Mngxitama accuses Ramaphosa and Malema of lying about land
In an angry open letter, the BLF leader says expropriation without compensation is a 'fraud' to gain votes in 2019.
BLF leader Andile Mngxitama. Picture: Gallo Images
Black First, Land First (BLF) leader Andile Mngxitama has penned an open letter to President Cyril Ramaphosa and EFF leader Julius Malema in which he expresses his view that “parliament’s resolution on land expropriation without compensation” is “nothing but a colossal political fraud”.
Mngxitama urges the two leaders to “muster enough courage to tell the nation the truth”, which he believes is that they are attempting to “string the landless poor along until the 2019 elections and get their votes with empty promises”.
“Just like how pastors feed expectant and desperate members of their congregations dog meat and rats, politicians gave the landless and hungry empty promises,” Mngxitama writes.
The BLF leader says his mistrust for both the president and the EFF leader, whose party is believed by some to have driven the ANC towards adopting the policy of land expropriation without compensation, was “triggered” by a parliamentary notice that a report on the recent public hearings on the issue would be delayed pending further hearings. The report was initially meant to come at the end of August and was then delayed until the end of September.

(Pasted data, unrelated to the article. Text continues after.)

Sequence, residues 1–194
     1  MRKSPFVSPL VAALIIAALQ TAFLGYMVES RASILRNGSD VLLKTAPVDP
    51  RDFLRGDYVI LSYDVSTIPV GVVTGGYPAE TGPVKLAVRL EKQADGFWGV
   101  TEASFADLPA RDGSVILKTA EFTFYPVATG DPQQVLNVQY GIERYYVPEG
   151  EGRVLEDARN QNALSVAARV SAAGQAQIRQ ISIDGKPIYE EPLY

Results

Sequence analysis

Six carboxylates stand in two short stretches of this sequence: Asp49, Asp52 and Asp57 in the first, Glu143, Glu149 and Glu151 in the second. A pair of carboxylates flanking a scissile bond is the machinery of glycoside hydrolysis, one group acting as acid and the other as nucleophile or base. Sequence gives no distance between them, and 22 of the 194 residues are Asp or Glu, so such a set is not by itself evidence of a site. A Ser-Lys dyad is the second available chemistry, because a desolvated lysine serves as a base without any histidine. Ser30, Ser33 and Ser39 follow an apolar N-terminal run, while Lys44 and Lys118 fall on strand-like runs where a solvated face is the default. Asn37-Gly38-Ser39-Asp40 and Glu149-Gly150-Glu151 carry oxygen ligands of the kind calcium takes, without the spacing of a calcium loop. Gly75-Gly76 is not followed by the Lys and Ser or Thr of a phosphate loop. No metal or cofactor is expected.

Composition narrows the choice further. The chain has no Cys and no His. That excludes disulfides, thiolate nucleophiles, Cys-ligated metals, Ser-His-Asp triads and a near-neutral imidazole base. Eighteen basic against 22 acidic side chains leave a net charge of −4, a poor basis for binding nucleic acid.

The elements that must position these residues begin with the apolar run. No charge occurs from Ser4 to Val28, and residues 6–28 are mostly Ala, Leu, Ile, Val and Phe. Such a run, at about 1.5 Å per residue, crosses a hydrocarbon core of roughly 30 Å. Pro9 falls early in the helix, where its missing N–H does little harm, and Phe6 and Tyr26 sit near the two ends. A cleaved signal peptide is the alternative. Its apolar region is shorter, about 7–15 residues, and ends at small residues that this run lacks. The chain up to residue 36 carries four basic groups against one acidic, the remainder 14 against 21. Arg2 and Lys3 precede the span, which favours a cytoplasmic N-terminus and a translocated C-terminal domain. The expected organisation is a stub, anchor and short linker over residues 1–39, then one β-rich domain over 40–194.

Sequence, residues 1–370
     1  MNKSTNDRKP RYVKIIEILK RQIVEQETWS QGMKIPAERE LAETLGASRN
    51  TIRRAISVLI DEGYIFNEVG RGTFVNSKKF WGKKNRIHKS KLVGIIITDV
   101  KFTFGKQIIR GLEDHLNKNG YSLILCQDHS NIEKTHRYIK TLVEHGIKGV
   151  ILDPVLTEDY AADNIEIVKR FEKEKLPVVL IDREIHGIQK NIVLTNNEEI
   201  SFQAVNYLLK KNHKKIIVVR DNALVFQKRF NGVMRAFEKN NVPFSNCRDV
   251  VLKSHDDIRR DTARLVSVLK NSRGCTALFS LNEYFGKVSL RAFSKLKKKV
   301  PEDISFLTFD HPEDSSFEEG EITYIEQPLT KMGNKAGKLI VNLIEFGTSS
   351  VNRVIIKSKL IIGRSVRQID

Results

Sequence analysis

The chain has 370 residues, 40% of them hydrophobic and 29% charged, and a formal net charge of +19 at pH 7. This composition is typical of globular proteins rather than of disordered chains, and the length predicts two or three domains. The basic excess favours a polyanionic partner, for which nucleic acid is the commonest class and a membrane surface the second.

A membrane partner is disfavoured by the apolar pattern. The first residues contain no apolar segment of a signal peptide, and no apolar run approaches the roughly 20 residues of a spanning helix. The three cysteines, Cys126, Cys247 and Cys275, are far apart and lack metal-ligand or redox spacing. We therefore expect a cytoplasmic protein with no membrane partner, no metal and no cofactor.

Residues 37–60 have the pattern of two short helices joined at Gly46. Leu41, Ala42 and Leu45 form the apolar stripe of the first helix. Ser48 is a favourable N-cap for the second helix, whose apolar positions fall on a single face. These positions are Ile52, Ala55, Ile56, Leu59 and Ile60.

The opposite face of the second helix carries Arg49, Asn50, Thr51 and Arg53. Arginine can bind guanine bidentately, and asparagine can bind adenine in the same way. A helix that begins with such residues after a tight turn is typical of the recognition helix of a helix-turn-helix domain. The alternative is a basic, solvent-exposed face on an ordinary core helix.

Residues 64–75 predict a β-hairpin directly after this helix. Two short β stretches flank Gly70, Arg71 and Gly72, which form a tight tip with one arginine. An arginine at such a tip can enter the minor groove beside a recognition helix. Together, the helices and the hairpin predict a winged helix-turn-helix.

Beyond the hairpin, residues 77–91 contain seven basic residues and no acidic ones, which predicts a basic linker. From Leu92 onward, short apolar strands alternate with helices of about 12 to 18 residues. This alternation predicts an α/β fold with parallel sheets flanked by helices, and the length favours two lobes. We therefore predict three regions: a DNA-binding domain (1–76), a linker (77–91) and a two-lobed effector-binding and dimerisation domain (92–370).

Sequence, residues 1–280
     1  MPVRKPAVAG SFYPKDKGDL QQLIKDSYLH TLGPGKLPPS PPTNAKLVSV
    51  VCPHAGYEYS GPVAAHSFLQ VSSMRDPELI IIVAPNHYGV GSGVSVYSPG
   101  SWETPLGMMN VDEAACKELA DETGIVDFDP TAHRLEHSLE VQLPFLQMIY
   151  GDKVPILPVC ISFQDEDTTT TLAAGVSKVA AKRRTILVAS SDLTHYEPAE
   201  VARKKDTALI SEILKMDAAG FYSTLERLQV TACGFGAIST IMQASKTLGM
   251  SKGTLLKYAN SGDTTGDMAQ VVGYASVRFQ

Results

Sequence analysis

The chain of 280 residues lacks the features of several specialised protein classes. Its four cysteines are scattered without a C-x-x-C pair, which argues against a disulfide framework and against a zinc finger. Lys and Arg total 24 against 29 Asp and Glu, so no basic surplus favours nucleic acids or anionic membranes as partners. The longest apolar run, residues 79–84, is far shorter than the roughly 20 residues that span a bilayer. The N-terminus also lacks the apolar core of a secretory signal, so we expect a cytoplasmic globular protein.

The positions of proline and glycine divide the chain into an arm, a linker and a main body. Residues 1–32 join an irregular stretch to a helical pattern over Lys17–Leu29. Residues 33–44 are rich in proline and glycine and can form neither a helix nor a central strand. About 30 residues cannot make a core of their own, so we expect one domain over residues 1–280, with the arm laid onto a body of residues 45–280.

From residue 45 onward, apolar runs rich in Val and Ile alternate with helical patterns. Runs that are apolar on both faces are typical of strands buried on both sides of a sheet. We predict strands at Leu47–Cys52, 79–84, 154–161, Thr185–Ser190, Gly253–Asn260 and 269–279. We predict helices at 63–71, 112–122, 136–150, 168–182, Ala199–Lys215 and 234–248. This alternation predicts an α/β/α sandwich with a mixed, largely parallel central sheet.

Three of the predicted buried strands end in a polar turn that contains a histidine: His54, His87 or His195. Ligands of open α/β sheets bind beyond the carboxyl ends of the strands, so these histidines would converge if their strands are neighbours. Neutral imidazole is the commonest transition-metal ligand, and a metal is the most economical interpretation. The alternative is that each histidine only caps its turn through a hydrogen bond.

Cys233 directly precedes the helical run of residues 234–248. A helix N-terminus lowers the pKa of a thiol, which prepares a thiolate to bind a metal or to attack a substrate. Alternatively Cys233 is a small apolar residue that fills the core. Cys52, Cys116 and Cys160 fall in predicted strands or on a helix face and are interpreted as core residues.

Mngxitama expresses his view that the land hearings are a “a bogus process”, a theory he has advanced before.
“You both actually never wanted to amend the constitution to give land back to the poor. What you really want are votes,” he says.
These are familiar views from the BLF leader, who in September expressed similar ideas while making oral presentations in parliament on the possible amendment of section 25 of the Constitution to allow for land expropriation without compensation.
Mngxitama questioned why the ANC and EFF had not used their two-thirds majority in parliament to align the recently withdrawn Land Expropriation Bill with their resolutions on land expropriation, rather than employing the delayed parliamentary process and holding public hearings.
“We are saying these delays are deliberate and a means to give an opportunity to land thieves like AfriForum so that they can have enough room to sabotage the whole process [and commit] to economic terrorism,” Mngxitama said at the time.
The letter can be read here.
(Compiled by Daniel Friedman. Additional reporting by Makhosandile Zulu)